For those who are trying to become pregnant, smoking can decrease the odds of conceiving.[8]

Anti-Müllerian Hormone

Research has demonstrated that smokers’ anti-Müllerian hormone (AMH) levels are 44% lower than non-smokers, indicating that smoking is toxic to eggs that are in the ovaries.[9]

Thyroid Hormones

Studies show that smoking might alter results in thyroid function tests, like lowering TSH and increasing thyroid hormones.[10]


Research has demonstrated that smoking five or more cigarettes drastically lowers prolactin at the end of pregnancy.[11] Prolactin affects lactation.


In a study of both men and women, smokers exhibited notably higher cortisol levels even after accounting for age, gender, and job title.[12]

Effect of Smoking On Pregnancy

Nicotine and smoking can harm a fetus or baby. Risks of smoking during pregnancy include [1]:

  • Increased risk of premature birth and birth defects
  • Decreased likelihood of healthy birth weight
  • Negative impact on brain development into childhood
  • Increased risk of sudden infant death syndrome (SIDS)

Testing Your Hormone Levels With Everlywell

When it comes to chlamydia testing with Everlywell, you have options! You can use either Everlywell’s At-Home Women's Hormone Level Test or At-Home Men's Health Test.

How It Works

  1. Order your Everlywell at-home testing kit here. Once your test kit arrives, you register it at using the unique ID number included in your box.
  2. You collect your sample in the comfort of your home and mail it to a certified lab with prepaid shipping.
  3. Mail in your sample per the instructions.
  4. Within days, you'll receive physician-reviewed digital results and useful insights on our secure platform.

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  1. Smoking’s impact on women’s health. Smokefree Women. Accessed December 18, 2023.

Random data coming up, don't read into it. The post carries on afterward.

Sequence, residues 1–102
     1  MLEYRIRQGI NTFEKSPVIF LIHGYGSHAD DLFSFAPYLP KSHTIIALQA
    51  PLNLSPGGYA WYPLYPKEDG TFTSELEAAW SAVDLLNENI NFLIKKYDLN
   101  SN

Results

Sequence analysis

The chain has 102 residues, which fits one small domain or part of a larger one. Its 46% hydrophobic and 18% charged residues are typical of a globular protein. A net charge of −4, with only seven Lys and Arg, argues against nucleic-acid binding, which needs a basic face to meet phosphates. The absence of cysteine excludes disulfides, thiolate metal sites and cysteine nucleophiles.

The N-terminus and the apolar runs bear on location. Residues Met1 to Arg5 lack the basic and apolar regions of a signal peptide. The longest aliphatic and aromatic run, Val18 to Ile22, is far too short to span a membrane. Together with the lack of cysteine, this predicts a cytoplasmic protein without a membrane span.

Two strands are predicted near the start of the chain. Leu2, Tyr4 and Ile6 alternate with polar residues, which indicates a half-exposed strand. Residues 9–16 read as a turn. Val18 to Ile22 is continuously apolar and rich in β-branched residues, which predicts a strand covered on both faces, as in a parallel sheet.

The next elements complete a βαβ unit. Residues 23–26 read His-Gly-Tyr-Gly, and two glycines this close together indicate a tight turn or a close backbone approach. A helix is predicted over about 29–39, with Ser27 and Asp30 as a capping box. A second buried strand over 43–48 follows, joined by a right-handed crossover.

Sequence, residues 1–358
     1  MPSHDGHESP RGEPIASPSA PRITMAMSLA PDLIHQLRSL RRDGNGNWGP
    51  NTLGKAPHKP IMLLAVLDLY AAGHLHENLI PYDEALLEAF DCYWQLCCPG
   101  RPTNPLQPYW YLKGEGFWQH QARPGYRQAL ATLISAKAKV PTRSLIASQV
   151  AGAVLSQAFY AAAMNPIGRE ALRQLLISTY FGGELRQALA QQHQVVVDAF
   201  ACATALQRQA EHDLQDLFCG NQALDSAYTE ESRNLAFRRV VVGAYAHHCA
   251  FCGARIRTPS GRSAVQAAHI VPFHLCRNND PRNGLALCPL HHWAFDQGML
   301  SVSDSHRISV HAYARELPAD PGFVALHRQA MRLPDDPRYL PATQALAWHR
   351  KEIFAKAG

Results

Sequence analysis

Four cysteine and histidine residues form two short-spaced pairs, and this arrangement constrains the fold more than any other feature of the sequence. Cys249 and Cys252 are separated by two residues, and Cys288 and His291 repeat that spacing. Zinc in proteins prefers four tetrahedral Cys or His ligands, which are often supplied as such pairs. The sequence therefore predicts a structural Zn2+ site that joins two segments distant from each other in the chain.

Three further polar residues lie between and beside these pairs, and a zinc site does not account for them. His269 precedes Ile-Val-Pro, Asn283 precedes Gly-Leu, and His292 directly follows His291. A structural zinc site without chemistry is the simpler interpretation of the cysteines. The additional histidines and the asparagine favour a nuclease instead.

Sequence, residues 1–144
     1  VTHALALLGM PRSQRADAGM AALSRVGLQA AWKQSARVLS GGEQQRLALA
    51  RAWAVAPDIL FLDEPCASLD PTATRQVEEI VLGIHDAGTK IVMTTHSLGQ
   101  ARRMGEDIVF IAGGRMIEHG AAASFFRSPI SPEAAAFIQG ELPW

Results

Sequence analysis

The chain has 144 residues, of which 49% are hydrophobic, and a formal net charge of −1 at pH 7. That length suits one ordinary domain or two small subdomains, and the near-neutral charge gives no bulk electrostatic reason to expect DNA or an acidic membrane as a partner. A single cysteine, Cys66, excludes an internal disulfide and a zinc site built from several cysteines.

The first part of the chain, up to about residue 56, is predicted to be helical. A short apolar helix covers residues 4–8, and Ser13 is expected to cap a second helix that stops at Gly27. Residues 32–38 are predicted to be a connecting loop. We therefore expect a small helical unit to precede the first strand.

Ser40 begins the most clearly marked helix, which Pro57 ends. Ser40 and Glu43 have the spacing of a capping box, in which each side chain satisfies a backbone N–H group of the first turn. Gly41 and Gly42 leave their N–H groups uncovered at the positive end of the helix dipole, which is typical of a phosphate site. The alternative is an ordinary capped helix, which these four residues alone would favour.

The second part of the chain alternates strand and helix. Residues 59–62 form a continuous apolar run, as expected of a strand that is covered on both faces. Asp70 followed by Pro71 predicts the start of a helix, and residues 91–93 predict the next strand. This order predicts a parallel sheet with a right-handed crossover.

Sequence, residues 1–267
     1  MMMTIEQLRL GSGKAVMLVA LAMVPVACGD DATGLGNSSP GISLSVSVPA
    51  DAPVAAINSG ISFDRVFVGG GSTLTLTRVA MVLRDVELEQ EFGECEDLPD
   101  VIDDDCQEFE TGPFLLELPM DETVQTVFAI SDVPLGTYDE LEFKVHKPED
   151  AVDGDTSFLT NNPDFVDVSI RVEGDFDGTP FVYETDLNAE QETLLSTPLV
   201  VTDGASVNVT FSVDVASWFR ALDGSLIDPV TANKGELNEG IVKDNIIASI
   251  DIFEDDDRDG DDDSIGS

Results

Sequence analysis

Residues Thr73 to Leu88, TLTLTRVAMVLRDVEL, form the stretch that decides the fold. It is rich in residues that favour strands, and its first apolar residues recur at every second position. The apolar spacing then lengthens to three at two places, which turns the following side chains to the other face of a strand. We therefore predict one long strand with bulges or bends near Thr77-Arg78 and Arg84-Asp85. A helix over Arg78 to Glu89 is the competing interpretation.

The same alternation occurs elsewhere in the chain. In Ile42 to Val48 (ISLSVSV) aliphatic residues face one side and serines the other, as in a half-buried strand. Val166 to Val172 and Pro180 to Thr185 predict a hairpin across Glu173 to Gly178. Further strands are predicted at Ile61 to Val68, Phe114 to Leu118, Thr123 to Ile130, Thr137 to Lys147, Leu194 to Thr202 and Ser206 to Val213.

2. The Health Consequences of Smoking—50 Years of Progress. A Report of A Report of the Surgeon General. Published online 2014. doi:10.1037/e510072014-001
  3. Women and tobacco use. American Lung Association. Accessed December 18, 2023.
  4. Brand JS, Chan M-F, Dowsett M, et al. Cigarette smoking and endogenous sex hormones in postmenopausal women. The Journal of Clinical Endocrinology & Metabolism. 2011;96(10):3184-3192. doi:10.1210/jc.2011-1165
  5. Windham GC, Mitchell P, Anderson M, Lasley BL. Cigarette smoking and effects on hormone function in premenopausal women. Environ Health Perspect. 2005;113(10):1285-1290. doi:10.1289/ehp.7899
  6. Low estrogen: Causes, symptoms, diagnosis & treatment. Cleveland Clinic. Published February 8, 2022. Accessed December 18, 2023. URL.
  7. Relton R. Does smoking affect testosterone and other hormones? Hertility Health. Published November 24, 2023. Accessed December 18, 2023.
  8. Jandíková H, Dušková M, Stárka L. The influence of smoking and cessation on the human reproductive hormonal balance. Physiol Res. 2017;66(Suppl 3):S323-S331. doi:10.33549/physiolres.933724
  9. Plante BJ, Cooper GS, Baird DD, Steiner AZ. The impact of smoking on antimüllerian hormone levels in women aged 38 to 50 years. Menopause. 2010;17(3):571-576. doi:10.1097/gme.0b013e3181c7deba.
  10. Sawicka-Gutaj N, Gutaj P, Sowiński J, et al. Influence of cigarette smoking on thyroid gland--an update. Endokrynol Pol. 2014;65(1):54-62. doi:10.5603/EP.2014.0008 URL.
  11. Salazar G, Albala C, Yáñez M, Serón-Ferré M, Vio F. Smoking effects on prolactin at the end of pregnancy. Nutrition Research. 1995;15(11):1599-1604. doi:10.1016/0271-5317(95)02030-6.
  12. Steptoe A, Ussher M. Smoking, cortisol and nicotine. Int J Psychophysiol. 2006;59(3):228-235. doi:10.1016/j.ijpsycho.2005.10.011.